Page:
Lie on the back and keep the knees bent. Keep your arms at the sides with palms flat. Take a deep breath and exhale as you flatten the back, until neck, back of the head and spine get pressed against the floor. Lift the pelvic area as you exhale. Repeat this 30 times.
Cat and Camel
Kneel down with your hands flat on the floor. Take deep breath and inhale as you lift the lower rib. Relax your neck by rounding your back. Maintaining firm abdomen, exhale and then lower the chest. Repeat this a few times by look up slightly.
Quadrupled Arm/leg Raise
Kneel down with your hands flat on the floor and raise one arm, without rising or twisting your shoulders. Then slowly straighten and raise your leg to opposite side. Keep your hips and neck motionless. Repeat it with the opposite leg and the other arm.
Lie down facing the floor. If this gets uncomfortable, then use a pillow under your stomach. Stay for 1 minute and then prop up on your elbows. Stay for 1 second and then lower the back. Repeat this 10 times.
Lie down with knees bent and feet flat. Tighten stomach muscles and tuck the chin to the chest. Now curl the upper body forward by placing hands on the chest. Stay for 3 seconds. Breathe while doing this. Repeat 10 times in a set.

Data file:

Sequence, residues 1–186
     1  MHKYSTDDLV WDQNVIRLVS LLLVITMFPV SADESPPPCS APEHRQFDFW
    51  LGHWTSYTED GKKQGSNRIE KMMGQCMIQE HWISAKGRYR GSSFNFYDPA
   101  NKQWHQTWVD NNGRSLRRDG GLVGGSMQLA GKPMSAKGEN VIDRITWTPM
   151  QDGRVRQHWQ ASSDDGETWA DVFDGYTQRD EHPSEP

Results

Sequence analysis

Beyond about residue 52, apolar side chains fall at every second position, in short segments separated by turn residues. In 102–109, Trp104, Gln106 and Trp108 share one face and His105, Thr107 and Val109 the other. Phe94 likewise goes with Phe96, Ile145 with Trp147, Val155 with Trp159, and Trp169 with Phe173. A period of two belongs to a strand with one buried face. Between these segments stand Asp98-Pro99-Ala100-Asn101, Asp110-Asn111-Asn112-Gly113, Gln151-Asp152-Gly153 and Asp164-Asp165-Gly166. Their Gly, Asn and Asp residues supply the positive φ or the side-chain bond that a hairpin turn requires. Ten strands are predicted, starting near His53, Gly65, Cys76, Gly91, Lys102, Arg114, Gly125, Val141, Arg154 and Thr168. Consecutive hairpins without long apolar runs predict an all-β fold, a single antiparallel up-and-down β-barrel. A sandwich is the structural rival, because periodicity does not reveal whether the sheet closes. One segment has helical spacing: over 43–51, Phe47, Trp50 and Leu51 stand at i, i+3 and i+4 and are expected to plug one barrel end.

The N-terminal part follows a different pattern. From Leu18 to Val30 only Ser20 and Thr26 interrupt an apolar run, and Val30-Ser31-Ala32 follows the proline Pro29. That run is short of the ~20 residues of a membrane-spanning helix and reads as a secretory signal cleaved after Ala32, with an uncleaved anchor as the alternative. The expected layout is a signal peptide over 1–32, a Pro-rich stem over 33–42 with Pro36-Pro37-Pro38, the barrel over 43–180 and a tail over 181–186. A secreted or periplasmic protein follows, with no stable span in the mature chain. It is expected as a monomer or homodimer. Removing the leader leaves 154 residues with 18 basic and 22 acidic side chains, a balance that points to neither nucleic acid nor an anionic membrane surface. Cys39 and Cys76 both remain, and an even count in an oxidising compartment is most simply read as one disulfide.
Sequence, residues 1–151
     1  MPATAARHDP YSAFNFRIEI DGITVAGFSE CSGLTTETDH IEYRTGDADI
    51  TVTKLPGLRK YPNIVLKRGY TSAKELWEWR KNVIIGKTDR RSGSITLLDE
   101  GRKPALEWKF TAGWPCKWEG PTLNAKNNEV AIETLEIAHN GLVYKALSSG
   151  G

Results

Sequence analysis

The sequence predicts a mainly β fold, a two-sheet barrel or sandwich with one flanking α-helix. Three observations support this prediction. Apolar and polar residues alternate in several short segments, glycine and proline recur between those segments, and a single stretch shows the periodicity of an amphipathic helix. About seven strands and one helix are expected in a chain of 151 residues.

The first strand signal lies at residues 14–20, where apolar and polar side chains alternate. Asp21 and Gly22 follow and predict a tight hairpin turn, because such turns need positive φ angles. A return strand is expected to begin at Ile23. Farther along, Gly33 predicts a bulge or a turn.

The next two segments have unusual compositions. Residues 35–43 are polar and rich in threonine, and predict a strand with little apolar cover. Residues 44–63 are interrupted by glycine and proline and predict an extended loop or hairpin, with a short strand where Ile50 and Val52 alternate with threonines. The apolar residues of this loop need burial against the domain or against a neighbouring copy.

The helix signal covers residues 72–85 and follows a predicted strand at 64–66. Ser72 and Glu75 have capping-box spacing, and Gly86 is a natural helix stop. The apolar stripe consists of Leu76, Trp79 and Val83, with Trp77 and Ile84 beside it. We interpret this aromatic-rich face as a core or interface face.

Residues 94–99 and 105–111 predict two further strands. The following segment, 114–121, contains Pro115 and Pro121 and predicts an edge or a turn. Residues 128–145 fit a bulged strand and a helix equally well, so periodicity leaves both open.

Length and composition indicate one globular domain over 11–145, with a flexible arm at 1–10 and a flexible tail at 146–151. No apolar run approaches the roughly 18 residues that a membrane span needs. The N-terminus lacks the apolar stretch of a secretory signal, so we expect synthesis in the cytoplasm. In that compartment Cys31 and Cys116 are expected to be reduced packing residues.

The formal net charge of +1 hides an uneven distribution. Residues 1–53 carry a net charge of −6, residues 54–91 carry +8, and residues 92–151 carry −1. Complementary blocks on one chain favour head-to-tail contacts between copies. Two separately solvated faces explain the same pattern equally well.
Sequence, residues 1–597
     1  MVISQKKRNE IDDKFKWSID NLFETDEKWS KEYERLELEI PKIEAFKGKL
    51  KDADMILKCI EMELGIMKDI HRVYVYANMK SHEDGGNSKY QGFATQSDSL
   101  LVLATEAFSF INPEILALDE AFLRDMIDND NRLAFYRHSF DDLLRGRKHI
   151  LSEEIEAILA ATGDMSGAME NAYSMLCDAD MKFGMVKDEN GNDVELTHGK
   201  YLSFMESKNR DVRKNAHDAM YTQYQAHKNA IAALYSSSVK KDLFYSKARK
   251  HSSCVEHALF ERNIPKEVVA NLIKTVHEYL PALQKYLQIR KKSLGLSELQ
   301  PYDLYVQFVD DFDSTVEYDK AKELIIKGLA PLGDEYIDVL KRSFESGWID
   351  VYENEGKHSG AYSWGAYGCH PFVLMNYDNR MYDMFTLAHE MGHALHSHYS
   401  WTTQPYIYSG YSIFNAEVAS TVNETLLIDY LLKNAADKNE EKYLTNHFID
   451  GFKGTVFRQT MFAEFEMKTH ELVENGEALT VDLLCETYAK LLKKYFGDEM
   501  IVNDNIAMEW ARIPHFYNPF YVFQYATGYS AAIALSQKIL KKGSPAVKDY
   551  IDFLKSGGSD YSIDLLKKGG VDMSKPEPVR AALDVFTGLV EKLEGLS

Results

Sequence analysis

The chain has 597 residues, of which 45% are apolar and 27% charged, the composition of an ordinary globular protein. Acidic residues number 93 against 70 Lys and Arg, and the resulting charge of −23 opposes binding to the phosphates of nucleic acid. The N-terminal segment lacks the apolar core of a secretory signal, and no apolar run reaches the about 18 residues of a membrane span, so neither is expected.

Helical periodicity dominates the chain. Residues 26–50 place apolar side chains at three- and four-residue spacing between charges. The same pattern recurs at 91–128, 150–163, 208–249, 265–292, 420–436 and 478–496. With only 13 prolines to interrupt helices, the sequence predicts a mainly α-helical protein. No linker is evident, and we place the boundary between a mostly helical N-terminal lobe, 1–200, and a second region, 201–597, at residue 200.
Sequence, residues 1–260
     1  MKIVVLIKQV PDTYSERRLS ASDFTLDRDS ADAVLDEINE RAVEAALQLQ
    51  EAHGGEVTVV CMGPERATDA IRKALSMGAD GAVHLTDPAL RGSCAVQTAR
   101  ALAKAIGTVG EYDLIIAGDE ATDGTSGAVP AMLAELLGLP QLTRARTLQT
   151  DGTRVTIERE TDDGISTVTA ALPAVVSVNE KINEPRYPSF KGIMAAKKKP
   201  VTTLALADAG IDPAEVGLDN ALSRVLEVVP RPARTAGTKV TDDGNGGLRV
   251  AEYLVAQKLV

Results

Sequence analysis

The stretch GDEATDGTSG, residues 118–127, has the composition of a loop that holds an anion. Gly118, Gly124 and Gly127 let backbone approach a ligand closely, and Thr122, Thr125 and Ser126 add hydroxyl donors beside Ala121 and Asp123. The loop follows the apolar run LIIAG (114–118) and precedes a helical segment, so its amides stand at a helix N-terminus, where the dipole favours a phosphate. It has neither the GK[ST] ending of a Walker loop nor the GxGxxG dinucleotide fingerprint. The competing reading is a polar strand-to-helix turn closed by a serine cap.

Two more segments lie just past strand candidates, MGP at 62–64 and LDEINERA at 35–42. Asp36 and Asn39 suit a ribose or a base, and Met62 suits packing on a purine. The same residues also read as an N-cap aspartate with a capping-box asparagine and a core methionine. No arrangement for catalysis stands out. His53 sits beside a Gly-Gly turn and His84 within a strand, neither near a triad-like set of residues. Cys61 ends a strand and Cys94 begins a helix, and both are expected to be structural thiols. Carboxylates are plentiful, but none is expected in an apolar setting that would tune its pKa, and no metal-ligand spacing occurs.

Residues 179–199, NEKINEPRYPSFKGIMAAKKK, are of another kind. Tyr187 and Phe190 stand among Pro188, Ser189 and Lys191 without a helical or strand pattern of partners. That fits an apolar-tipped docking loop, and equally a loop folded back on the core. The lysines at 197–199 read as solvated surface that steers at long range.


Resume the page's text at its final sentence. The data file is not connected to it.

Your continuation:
Lie down and bend the knees. Keep the hands straight and place right ankle on top of the left knee. Stay until you feel a slight discomfort, but not pain. Stretch each leg for 20 seconds three times.
Lie on the side and prop the upper body up using your elbow. Keep the legs straight and begin by lifting the hips away from the floor. Stay for 6 seconds and rest for 30 seconds. Repeat this 3 to 5 times.
Lie down with knees bent. Extend the arms while keeping the palms flat. Lift your hips towards the ceiling while keeping your palms straight on the floor. Draw your tailbone and stay in this position with buttocks away from the floor. Never flex your buttocks or squeeze the gluteal muscles. Stay for 1 minute.
Prone Spine Stretches
Lie down on your stomach. Place the palms below shoulders with the top of your feet flat on the ground. Engage the abdominal muscles, while slowly lifting the head up. Continue till the upper body and chest are away from the floor with arms straightened. Stay for 15 seconds and repeat this 5 times.
This completes stretching, so take a moment to relax. Use a pillow under the legs and lie flat on a blanket with hands out and breathe. This completes your stretch exercise.